State Attorney General Eliot L. Spitzer has sued a Western New York nursing home, accusing it of overbilling the state by $1 million during a period when the state's own faulty computer system had resulted in overpayment of Medicaid claims.
Operators of the Rosa Coplon Jewish Nursing Home & Infirmary in Getzville dispute the state's claims. In fact, they claim the state underpaid the home for other health care services it provided.
"I don't believe they've done anything wrong. There was no intent. It's just a very complicated process, and because it's so complicated, people make mistakes on both sides -- and eventually it gets rectified," said Samuel L. Shapiro, a lawyer for the 180-bed nursing home on the 70-acre Harry and Jeannette Weinberg Campus.
Spitzer is not alleging any fraud. He said the state overpaid the home $970,000 between 1998 and 2003 because of inflated hourly rates for services and non-reimbursable costs, such as bad debts, advertising and certain salaries.
Including such costs, according to the lawsuit filed in State Supreme Court in Albany County, incorrectly raised the home's 2001 rate for personal care services to $27.36 per hour from $21.81 per hour, resulting in excess state payments of $153,000, Spitzer alleges.
"The size and complexity of the Medicaid program can sometimes result in the improper expenditure of taxpayers funds even in the absence of fraud," Spitzer said in a statement.
The state's complaint filed with the court notes that, at the time, the state was using a computer program that led to billing problems.
"The problem with the computer program resulted in substantial overpayments" across the state, the complaint said, including the Coplon Home.
Since 2002, Spitzer said the state has gotten back $34 million from 16 nursing facilities.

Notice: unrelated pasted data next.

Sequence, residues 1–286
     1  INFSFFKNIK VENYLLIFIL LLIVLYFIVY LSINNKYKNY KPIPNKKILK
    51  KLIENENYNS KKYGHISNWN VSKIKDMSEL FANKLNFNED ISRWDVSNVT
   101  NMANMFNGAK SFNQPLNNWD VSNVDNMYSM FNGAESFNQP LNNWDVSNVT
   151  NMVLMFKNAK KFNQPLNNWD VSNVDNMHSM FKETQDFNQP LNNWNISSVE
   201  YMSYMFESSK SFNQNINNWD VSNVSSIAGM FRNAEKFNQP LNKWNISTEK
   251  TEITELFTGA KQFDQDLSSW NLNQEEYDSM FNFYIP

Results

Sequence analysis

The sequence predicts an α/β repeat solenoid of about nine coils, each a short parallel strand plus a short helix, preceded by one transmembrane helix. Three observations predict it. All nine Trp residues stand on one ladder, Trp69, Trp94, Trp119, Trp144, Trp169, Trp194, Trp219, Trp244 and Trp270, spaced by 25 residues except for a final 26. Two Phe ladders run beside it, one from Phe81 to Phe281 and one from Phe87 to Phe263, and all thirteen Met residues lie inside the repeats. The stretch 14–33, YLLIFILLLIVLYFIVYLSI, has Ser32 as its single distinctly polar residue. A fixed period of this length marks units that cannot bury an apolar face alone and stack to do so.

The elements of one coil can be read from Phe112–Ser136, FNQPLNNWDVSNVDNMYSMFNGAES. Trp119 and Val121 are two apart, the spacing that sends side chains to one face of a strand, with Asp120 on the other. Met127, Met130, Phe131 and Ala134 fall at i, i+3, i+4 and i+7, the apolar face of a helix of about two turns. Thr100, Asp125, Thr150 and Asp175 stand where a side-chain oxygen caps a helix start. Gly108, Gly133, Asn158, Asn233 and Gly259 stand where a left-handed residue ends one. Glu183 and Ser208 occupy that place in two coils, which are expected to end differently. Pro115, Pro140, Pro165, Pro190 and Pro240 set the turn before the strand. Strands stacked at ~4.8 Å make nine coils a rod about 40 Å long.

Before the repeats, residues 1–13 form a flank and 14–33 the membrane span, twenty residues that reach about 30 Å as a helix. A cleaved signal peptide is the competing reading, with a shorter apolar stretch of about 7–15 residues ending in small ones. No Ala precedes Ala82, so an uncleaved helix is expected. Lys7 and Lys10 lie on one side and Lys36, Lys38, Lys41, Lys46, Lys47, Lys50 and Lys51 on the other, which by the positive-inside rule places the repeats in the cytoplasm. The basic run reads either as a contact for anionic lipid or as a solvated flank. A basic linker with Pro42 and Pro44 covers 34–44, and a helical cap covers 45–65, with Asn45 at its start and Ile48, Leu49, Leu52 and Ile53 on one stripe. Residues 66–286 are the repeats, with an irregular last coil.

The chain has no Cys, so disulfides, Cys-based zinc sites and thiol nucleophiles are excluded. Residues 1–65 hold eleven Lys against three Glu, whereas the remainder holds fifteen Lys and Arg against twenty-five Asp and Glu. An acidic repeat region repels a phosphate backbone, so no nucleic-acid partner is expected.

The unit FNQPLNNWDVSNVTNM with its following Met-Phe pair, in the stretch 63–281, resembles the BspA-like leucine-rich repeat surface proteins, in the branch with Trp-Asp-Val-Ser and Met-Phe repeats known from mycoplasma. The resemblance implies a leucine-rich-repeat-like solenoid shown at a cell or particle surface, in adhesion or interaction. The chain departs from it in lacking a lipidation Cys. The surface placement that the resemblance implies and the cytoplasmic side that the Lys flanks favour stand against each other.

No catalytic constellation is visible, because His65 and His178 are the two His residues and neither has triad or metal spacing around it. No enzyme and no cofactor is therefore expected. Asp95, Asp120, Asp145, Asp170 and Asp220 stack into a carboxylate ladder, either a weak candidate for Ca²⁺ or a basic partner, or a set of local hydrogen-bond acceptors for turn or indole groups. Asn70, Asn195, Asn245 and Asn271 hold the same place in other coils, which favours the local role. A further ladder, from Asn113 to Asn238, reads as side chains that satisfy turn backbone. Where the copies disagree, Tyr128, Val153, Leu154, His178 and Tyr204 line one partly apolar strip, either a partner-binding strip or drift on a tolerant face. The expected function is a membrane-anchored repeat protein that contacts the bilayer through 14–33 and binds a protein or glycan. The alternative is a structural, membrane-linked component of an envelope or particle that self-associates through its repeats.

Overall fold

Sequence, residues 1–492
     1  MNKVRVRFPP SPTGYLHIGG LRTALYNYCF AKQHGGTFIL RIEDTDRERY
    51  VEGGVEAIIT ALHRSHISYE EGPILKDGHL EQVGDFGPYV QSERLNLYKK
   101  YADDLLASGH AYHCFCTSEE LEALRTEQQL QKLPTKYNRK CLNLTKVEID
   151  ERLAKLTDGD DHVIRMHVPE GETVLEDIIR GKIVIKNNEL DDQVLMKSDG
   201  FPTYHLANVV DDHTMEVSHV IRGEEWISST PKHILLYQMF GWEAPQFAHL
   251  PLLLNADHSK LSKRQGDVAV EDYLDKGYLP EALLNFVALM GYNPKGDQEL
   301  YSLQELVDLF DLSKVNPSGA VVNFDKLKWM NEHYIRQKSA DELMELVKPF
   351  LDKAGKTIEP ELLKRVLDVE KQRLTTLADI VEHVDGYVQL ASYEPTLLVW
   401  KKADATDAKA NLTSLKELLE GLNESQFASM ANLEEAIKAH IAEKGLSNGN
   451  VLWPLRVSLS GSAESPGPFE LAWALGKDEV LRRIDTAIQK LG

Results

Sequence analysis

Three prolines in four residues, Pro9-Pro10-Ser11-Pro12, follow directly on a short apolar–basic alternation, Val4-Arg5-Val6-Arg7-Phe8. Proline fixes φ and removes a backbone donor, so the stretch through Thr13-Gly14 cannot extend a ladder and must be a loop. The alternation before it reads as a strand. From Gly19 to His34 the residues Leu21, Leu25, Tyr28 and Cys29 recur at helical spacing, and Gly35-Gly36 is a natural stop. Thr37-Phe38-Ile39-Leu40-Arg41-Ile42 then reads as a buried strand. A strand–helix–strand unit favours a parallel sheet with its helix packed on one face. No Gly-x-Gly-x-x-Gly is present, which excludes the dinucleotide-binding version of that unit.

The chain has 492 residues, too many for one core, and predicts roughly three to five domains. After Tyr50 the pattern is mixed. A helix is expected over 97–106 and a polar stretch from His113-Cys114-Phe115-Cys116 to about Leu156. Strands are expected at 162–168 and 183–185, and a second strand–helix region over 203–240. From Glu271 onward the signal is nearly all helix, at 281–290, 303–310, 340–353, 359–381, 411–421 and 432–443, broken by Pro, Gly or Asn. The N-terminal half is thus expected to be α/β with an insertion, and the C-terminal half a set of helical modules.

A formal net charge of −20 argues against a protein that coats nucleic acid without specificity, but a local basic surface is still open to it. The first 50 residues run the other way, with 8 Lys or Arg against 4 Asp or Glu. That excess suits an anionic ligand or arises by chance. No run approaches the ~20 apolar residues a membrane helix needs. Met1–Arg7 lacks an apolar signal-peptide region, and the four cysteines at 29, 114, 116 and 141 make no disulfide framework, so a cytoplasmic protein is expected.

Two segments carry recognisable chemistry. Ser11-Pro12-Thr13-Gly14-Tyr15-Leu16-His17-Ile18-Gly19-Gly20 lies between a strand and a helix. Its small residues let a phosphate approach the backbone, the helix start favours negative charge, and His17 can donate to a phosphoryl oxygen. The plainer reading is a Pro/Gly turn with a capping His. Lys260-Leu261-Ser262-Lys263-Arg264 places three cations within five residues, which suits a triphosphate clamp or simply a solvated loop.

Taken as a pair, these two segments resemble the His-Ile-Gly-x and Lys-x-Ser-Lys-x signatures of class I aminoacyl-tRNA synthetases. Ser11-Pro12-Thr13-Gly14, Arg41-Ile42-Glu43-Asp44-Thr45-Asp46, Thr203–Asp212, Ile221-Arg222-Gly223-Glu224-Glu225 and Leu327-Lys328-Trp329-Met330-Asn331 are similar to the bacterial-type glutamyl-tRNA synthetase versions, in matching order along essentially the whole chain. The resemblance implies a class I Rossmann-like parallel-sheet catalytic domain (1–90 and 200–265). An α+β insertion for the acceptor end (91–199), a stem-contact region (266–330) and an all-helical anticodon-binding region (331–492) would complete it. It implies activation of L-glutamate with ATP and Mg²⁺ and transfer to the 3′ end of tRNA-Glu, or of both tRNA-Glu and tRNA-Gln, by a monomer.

"Pretty much, everyone rolled over and said 'Where do I send the checks?' " Shapiro said.
The nursing home, in its court papers, says any Medicaid overpayments "were the result of an error of judgment by the state."
Shapiro also said a statute of limitations had expired on some of the payments.
He also disputed the state's allegation that certain costs should not have been included in the formula to calculate Medicaid reimbursements.
Shapiro further noted that Western New York gets less state money than any other part of the state for Medicaid costs. "No one would ever dream in their right minds that the (state) Health Department was overpaying somebody," Shapiro said.
In the end, Shapiro predicted, the state likely will end up paying the facility money when the disputes are resolved. In court papers, the home claims the state owes it $961,000 in disputed Medicaid payments.
State officials have been scrambling to appear increasingly tough on Medicaid overpayments and fraud. Spitzer, who is running for governor next year, has come under fire by Republicans in the State Senate, who claim the attorney general's Medicaid fraud unit has not acted aggressively enough. Two legislative hearings on the issue were held last week in Albany.
The lawsuit against the Coplon Home, announced Wednesday by Spitzer's office, had been filedJuly 29.